The Millennium Development Goals (MDGs) pose a profound challenge for the world. Is it possible for the global community to set ambitious goals and then work together to achieve them? The MDGs address the scourges of extreme poverty, hunger, and disease, but the larger question they pose--about the world's capacity to cooperate in order to achieve common and bold objectives--applies as well to nuclear proliferation, the control of climate change, and other global public goods.
This article steps back and examines the broad contours of the global social movement to end extreme poverty and how the MDGs have helped to shape and energize that effort. Strengths and weaknesses of current MDG efforts will be discussed and suggestions made as to how we can proceed after the MDG target date of 2015. The MDGs may not be enough to end extreme poverty, but the goals are definitely playing an enormously important and salutary role in that effort.
It is easy to be cynical about the MDGs. After all, the "world community" is not much of a community. Working together across countries, continents, and classes is not the hallmark of this era. The many partners in the MDG effort--national governments, international agencies, private businesses, civil society--all have their separate agendas, glaring imperfections and inconsistencies, and propensities to be distracted from any prolonged effort, especially one without direct and easily captured economic and political returns. However, such cynicism blinds us to the larger reality of the MDGs.
The MDGs are still very much with us a decade after their adoption by world leaders in September 2000. This is the best evidence of their deep staying power. The MDGs in fact play a surprisingly important role in shaping the formal development agendas of dozens of low-income countries. They have also captured the attention of the international business community, major nongovernmental organizations, donor agencies, and scientific and professional bodies. Despite all the flaws of the international system, the MDGs have gradually yet powerfully given rise to a new awareness about the remediable conditions of extreme poverty on the planet. Lessons learned from the MDGs have also shed light on how to meet several other urgent global challenges, especially those concerning environmental threats and sustainable development, since the same kinds of complex efforts and alliances needed to meet the MDGs will be needed to fight climate change and preserve biodiversity.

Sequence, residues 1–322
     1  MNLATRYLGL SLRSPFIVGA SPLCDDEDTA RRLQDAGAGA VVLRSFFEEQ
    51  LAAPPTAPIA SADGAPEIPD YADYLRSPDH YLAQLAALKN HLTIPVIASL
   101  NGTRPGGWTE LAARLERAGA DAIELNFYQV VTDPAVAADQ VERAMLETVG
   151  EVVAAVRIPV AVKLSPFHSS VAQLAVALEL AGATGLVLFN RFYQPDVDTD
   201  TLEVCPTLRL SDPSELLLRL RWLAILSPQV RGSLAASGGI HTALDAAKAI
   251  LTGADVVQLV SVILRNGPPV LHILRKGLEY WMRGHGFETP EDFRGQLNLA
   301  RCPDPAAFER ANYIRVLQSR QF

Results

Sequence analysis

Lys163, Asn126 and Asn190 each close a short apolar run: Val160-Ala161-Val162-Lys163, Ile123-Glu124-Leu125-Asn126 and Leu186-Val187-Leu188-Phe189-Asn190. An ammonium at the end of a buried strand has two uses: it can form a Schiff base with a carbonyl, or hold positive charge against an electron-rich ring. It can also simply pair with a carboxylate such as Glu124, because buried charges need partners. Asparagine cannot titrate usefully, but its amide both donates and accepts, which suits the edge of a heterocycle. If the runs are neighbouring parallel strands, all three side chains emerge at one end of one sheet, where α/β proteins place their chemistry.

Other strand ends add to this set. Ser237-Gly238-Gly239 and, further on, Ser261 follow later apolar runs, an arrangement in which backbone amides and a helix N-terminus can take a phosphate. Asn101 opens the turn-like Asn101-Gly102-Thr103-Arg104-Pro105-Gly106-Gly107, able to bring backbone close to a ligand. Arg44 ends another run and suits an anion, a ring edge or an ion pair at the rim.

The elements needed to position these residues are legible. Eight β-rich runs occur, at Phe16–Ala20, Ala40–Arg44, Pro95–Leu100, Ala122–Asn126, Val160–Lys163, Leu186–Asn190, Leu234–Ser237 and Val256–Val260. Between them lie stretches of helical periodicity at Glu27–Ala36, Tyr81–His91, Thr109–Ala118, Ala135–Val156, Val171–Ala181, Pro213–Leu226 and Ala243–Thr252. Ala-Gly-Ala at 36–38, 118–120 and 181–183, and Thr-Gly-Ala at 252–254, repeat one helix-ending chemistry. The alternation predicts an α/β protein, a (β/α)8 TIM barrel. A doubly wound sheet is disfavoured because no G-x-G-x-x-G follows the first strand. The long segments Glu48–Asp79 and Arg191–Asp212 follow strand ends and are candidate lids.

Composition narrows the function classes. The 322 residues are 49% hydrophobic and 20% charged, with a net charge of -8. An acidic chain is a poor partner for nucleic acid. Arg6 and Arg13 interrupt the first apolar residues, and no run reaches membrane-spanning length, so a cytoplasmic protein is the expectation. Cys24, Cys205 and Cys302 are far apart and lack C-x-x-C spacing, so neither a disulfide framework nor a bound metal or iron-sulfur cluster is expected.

The MDG Effort in Perspective
Ending extreme poverty is an epochal challenge, on the historic scale of ending slavery and colonial rule. It is partly an ongoing historical process, linked with the economic growth and technological advancement that occurs even without national or international directed efforts. It is partly a matter of high politics, in which governments and international organizations mobilize in light of specific challenges such as HIV/AIDS. It is also partly a matter of social action and the realization of human rights, so that excluded groups (such as indigenous populations, religious minorities, and girls and women) can obtain the rights of citizenship already enjoyed by others in society.
Critics find it easy to mock or scorn the MDG effort as an attempt to "accelerate history." However, the MDG outcomes--reductions in poverty, hunger, disease, and environmental threats--will be the result of vast economic, social, political, and technological processes. Ending extreme poverty cannot be achieved by simply turning a policy dial, though policy dials must indeed be turned. A serious fight against hunger, poverty, and disease must be understood as part of a large and deep flow of history. If the world economy is barreling forward down a great and tortuous river, people can at best help to steer through the rapids, stay away from the banks, miss the dangerous and jagged rocks in the way, and pull the oars with all their strength when opportunities arise. …